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The AAPG/Datapages Combined Publications Database
A study of deep-sea cores, which approximate the extent of the California Current, indicates that faunal changes occur at or near the lithologic Pleistocene-Holocene boundary off San Francisco and Los Angeles, California, but generally below this boundary off Cedros Island, Baja California. In upper Pleistocene rocks there are (1) a marked increase of radiolarian tests per gram of dry sediment; (2) a sharp decrease in both planktonic foraminiferal tests per gram of dry sediment and in the median size of Turborotalia pachyderma, except off Los Angeles, where the trend is reversed; (3) an increase in the percentage of dextral-coiling Turborotalia pachyderma; (4) an influx of several rare planktonic foraminiferal species; and (5) a decrease in the relative abundance of Globi erina bulloides off San Francisco, of Turborotalia pachyderma off Los Angeles, and of Globigerina quinqueloba off Cedros Island, with a corresponding increase in relative abundance of Globigerina quinqueloba off San Francisco and Los Angeles and an increase of both Neogloboquadrina dutertrei and Turborotalia pachyderma off Cedros Island.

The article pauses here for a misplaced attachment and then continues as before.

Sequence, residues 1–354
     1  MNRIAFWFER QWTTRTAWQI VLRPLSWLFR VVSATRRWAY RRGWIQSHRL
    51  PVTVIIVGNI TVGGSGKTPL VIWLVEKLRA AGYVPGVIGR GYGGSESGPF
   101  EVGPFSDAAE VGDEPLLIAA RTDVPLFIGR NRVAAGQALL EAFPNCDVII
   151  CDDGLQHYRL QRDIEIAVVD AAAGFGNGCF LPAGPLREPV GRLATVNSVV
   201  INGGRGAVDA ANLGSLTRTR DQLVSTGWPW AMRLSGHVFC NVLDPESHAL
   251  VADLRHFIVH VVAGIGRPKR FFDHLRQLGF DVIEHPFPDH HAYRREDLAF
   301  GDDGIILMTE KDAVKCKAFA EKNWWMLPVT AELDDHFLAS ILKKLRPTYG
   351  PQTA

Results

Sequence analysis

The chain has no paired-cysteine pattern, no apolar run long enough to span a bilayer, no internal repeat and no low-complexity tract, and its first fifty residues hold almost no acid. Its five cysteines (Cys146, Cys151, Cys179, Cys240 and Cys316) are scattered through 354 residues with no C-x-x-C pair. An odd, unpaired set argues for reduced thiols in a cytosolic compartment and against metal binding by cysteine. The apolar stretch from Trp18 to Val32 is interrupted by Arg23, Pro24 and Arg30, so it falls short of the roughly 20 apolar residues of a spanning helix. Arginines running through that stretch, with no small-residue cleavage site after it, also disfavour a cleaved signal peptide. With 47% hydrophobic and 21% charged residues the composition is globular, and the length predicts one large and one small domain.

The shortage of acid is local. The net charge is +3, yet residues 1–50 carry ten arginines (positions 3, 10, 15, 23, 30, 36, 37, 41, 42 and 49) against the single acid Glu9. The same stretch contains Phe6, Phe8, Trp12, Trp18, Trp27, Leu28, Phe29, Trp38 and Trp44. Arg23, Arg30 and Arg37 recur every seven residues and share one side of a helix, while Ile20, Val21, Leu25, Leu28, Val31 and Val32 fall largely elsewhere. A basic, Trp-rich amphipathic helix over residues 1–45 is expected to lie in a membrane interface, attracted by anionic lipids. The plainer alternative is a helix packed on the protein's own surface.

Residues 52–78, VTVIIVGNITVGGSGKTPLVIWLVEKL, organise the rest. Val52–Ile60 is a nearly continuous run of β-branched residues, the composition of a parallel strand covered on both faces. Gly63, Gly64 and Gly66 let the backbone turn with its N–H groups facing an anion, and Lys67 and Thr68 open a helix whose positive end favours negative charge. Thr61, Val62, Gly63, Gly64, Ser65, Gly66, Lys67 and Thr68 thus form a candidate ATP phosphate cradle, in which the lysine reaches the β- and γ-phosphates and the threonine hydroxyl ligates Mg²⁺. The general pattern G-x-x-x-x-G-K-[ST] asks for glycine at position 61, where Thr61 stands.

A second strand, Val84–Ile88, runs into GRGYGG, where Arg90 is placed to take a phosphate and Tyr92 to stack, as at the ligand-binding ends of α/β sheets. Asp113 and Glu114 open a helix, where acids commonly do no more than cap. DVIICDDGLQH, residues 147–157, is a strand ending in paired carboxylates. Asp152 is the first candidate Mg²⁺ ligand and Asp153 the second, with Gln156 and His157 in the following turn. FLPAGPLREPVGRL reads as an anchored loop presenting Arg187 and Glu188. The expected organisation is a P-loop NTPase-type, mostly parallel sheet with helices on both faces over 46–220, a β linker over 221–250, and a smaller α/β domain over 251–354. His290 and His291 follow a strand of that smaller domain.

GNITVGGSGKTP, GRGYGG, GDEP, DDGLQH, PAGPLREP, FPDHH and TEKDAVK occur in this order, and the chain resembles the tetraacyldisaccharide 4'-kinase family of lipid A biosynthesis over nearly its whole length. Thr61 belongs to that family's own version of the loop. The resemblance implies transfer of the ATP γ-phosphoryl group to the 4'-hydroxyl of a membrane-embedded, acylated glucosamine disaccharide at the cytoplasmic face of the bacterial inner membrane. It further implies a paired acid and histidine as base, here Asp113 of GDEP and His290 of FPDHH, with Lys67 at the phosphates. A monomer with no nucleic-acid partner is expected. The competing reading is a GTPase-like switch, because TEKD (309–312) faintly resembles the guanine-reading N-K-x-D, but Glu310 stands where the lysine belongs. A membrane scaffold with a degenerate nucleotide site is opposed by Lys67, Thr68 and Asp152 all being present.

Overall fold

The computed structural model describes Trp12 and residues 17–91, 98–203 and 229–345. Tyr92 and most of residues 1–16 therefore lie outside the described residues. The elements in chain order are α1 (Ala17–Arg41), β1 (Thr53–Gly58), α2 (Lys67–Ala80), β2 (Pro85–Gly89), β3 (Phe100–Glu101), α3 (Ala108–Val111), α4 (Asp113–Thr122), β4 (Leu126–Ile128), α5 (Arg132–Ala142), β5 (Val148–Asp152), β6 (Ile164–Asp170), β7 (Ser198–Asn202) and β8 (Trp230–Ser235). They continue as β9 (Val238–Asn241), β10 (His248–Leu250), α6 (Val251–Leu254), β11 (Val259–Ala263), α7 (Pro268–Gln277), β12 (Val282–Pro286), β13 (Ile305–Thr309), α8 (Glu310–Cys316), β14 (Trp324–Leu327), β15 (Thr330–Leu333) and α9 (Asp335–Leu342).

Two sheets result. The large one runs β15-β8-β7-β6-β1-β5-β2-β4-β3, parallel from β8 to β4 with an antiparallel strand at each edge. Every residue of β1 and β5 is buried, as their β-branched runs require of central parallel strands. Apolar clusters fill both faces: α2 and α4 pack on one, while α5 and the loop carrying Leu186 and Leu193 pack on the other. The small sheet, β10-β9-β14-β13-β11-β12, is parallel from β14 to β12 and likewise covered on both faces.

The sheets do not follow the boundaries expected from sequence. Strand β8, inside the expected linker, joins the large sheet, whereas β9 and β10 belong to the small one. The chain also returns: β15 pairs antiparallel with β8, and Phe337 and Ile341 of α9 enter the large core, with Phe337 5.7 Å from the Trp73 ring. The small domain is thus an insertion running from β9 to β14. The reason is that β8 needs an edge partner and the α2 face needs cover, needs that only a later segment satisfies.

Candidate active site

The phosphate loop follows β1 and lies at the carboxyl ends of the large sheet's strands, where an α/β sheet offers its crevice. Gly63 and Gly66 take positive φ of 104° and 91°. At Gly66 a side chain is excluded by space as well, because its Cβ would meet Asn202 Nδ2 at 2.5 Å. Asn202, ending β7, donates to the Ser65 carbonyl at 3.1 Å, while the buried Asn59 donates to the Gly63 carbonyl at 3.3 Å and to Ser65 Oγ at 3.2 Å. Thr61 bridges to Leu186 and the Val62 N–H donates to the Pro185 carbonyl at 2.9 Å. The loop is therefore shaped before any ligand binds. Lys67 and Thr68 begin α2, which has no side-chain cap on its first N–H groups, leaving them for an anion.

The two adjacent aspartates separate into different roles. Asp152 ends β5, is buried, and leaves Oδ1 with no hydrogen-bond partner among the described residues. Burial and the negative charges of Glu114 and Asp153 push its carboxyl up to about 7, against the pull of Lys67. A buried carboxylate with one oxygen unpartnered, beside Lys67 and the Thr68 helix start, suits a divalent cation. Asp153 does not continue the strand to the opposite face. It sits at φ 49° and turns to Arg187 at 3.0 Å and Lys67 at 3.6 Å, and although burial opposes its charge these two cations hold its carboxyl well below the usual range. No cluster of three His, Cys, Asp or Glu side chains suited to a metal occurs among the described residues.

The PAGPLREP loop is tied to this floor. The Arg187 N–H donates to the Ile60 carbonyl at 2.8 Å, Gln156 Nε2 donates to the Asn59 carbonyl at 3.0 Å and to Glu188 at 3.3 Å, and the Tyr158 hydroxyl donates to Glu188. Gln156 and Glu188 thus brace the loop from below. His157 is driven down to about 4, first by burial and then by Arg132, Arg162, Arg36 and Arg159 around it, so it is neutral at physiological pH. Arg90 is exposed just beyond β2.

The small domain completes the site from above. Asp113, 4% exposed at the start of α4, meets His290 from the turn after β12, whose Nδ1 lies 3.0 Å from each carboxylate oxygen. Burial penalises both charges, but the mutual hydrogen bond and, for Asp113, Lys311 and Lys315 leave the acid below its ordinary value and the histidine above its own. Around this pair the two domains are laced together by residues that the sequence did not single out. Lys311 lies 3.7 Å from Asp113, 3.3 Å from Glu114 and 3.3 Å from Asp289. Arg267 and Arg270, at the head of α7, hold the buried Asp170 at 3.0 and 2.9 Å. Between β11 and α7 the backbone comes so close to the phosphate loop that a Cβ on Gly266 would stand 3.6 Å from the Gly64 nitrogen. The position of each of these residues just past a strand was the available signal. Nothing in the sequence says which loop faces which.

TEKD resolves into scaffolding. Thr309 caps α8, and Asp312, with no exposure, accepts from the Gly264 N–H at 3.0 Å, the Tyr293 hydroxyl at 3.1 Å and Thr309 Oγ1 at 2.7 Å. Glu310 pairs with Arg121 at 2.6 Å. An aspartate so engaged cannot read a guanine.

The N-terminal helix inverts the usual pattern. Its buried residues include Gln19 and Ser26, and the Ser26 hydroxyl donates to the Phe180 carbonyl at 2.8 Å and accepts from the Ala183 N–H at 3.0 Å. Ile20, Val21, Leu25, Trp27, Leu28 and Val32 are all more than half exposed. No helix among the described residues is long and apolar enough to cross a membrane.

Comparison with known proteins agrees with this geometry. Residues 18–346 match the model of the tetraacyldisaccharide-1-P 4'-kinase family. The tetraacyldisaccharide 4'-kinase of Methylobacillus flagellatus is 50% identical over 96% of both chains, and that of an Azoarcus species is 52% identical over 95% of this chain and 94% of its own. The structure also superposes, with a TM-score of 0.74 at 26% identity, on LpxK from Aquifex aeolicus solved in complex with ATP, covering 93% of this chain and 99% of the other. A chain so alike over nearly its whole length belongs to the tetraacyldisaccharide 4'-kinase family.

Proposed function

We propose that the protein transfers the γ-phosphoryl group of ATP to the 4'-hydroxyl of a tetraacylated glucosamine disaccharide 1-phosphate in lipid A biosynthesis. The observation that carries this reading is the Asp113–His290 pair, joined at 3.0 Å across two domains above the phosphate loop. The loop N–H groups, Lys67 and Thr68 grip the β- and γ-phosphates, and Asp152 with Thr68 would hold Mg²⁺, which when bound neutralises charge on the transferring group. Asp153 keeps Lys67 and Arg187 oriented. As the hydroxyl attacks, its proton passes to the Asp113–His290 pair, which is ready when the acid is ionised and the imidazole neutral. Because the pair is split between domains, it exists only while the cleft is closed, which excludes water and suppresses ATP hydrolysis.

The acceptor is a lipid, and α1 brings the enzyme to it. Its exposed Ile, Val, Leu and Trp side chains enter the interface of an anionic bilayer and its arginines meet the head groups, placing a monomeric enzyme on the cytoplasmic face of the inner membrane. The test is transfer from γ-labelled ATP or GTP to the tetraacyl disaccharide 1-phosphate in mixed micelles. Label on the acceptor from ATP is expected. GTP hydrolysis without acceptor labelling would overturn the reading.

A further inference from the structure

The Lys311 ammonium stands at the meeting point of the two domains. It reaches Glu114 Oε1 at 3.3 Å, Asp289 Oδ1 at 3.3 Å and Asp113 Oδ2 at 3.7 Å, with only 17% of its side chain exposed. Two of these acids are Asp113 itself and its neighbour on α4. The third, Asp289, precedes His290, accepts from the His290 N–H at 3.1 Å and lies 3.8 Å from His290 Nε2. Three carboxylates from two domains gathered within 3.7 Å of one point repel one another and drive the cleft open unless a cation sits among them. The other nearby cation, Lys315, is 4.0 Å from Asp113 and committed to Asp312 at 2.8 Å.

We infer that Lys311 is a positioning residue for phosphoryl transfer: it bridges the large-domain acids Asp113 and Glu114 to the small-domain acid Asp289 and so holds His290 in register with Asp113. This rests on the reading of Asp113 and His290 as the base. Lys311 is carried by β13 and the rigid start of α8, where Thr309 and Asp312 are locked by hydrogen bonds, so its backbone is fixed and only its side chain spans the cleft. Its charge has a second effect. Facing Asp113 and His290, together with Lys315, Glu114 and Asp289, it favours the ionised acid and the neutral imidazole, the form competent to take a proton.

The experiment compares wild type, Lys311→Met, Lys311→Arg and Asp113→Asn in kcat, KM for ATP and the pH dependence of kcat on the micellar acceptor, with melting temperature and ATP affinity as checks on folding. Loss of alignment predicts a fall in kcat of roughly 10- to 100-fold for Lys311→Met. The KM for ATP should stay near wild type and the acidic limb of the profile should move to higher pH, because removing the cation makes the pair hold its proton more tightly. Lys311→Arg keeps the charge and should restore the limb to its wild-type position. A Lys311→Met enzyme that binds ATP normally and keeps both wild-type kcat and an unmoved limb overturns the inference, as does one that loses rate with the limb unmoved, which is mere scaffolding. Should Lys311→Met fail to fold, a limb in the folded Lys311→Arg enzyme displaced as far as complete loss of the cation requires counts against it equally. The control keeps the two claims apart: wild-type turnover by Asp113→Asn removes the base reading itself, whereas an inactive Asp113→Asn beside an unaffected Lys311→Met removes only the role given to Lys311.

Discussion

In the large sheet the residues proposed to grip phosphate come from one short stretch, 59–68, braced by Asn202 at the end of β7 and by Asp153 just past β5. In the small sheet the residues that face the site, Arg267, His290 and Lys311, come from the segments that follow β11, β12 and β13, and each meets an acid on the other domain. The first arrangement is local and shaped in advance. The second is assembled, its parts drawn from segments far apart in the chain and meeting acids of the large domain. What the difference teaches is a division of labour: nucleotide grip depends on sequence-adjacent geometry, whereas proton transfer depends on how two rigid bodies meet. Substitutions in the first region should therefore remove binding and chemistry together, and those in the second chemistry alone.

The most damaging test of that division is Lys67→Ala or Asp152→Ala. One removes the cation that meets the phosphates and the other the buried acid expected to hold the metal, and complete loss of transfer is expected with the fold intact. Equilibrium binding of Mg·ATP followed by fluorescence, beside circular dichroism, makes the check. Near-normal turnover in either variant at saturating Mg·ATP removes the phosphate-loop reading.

A period of seasonal warming in the early Wisconsin is indicated in the temperate Pacific Ocean. This assumption is based on the abundance of large temperate planktonic foraminiferal species per gram of dry sediment in the cores from off Los Angeles. This warming period correlates with the "warm interval" reported elsewhere.
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